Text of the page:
The Class of 1960 remembered being welcomed by Dean Huntley. They recounted influential faculty – like Ed Craig, Edgar Curtis, Harold Larrabee, Sherwood Fox, Clarence Goodheart, and Joe Finkelstein – who had introduced them to a new book or a new way of thinking. They remembered Bob Ridings, the athletic equipment manager, who fired the small cannon at games and oversaw the “cage.” They remembered Carter Davidson, their President, who struck fear in their young and impressionable hearts as he strode across campus. They remembered broadcasting new and sometimes controversial tunes on WRUC. They remembered mentors who helped them plan their course of study and their lives. They remembered housekeepers and dining hall workers who took care of them. They remembered exciting games. They remembered cold, especially when walking past the Nott Memorial. They remembered dances arranged with Skidmore students. They recounted roommates and close friends. They remembered good times and good conversations.
What will you remember about your time at Union? I suspect you will remember arriving at the College in the fall of 2006 – some of you arriving in SUVs, some with U-Hauls – carting along computers, printers, flat screen tvs, ipods, cell phones, and video games. I greeted a good many of you, your arms loaded and parents in tow. I suspect you will remember world events such as the devastating 7.0 magnitude earthquake that hit Haiti. You will remember a catastrophic oil leak that defied technology and attempts to plug it, fouling the Gulf of Mexico. You will remember “swine flu.” You will remember the winter Olympic games held in Vancouver. You may well remember a men’s hockey season that posted the best record in the history of the program and went to the ECAC finals. You may remember a walk-off home run at a women’s softball game and the obvious glee of the children from the Boy’s and Girl’s Clubs who were there to cheer the team on. Many of you will remember Hoops for Help, a faculty/staff/student basketball game that raised money to help people in Haiti and Chile who urgently needed it. You will remember that you helped build a playground at Jerry Burrell Park in Schenectady’s Hamilton Hill area, bringing safe play space to city children. I hope you will remember that the Schenectady Chamber of Commerce gave us an award for the help we give to the city, we were placed on the President’s Honor Roll of Colleges that serve their communities, and the Schenectady County legislature gave us an award for our sustainability efforts and the Princeton Review declared us one of the nation’s “greenest” colleges. I hope you remember this because you helped garner these awards for Union.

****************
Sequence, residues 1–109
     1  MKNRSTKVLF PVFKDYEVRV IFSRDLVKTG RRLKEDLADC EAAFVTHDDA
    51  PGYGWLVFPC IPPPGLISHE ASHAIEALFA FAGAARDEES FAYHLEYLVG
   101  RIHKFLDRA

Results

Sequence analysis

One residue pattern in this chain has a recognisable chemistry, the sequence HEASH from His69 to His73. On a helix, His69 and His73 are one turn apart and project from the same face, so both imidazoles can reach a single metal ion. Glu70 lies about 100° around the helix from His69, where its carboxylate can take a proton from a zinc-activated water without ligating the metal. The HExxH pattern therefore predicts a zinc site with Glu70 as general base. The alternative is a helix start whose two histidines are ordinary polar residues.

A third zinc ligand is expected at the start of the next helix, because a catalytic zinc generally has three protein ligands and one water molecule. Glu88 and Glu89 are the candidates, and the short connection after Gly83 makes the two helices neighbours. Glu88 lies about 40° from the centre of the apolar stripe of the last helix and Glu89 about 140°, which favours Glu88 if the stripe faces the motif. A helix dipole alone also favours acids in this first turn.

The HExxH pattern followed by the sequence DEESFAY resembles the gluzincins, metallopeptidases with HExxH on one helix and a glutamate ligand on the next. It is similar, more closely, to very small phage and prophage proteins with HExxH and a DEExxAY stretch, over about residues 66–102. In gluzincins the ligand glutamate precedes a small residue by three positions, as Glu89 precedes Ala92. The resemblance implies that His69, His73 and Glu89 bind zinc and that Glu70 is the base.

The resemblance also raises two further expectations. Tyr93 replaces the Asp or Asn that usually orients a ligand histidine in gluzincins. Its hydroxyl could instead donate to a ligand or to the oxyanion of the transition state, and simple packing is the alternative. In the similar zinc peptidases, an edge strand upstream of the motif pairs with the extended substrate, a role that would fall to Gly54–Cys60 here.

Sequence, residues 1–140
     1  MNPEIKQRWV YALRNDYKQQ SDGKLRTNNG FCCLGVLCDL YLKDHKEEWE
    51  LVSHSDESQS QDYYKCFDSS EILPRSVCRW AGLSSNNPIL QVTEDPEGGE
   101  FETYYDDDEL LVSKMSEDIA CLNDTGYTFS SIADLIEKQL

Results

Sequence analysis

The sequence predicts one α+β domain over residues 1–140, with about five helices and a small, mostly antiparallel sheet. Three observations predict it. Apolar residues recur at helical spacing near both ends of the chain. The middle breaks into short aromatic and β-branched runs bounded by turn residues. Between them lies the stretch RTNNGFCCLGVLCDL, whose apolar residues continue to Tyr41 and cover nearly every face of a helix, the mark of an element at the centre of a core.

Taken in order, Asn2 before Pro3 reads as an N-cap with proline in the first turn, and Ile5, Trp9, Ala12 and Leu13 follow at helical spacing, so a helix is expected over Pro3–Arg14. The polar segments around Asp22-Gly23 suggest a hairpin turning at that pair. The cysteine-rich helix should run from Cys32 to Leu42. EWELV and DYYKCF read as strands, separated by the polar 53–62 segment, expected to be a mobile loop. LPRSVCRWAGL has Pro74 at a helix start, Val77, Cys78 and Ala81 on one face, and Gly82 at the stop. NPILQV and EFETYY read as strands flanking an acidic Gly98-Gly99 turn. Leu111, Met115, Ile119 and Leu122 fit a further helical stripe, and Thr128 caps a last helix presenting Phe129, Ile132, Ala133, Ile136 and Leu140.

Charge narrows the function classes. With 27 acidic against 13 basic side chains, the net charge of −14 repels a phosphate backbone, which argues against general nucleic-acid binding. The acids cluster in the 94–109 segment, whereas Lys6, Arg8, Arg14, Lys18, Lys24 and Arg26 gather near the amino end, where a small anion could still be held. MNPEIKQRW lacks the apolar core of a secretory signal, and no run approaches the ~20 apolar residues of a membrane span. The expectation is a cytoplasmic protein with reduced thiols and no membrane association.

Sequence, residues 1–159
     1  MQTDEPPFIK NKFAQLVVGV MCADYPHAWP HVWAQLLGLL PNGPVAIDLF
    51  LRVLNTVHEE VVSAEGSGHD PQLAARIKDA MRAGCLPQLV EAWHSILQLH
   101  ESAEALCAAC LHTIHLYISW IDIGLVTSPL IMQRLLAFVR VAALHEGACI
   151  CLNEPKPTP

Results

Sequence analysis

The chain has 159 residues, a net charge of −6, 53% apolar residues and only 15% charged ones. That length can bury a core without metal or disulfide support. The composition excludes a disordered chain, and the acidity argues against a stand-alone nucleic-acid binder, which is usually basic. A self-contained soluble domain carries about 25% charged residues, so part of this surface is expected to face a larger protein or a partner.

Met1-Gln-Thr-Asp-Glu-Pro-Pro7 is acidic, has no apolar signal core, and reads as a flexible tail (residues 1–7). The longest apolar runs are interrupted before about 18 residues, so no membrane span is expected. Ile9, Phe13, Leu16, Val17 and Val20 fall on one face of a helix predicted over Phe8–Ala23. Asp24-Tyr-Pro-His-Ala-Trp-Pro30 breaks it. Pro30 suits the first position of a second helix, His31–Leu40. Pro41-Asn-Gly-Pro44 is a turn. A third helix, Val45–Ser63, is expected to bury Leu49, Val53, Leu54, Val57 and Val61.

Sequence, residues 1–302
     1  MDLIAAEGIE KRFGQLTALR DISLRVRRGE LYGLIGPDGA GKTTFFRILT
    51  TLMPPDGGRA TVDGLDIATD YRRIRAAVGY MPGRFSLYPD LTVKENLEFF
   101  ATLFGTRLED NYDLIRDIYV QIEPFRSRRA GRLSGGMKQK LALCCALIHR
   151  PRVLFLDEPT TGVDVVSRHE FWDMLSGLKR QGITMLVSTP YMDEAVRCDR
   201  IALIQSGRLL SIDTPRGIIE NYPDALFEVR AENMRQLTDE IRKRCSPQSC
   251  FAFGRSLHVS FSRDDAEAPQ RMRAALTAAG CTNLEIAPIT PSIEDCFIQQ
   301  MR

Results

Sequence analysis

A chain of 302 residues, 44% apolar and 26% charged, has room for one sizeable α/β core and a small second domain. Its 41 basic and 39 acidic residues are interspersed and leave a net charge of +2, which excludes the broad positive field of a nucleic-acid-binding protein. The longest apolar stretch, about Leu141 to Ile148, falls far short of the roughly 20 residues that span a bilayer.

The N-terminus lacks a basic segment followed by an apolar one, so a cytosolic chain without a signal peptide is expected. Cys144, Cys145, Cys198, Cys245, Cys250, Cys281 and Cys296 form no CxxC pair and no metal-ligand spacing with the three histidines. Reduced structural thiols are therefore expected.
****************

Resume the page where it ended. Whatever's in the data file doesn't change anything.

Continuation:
I am sure that you will remember your roommates, and your friends and your favorite faculty. I predict you will talk proudly of the ways in which your relationships with all of them continue to flourish long after graduation. In short, some of the details of your experience will be different when you return for your 50th than they were for those in the Class of 1960 but something will be strikingly similar.
I like to say that in choosing to attend Union, a person chooses a lifetime membership. I mean that. Your relationship with Union will change tomorrow. But, I would urge you to hold onto all that it’s been and take advantage of all that it can continue to be for you. Come back for ReUnions and Homecomings. Attend Alumni Symposia the College sponsors – we’ve done three so far, focused on immigration, health care, and the smart grid respectively. While you may not feel like sitting in another class today, mark my word you will want to relive that experience in the future. Make the trip to Union when you see that a concert, game, or theatre performance is coming up that you would simply hate to miss. Go out to the alumni event that’s nearby the place you come to live, even if you are tired after a long day’s work. Stay connected with each other.
And, when you are back on campus, be sure to look back into Memorial Chapel, with the light streaming through its windows, and, like the alumnus from the Class of 1970, let the memories rush over you.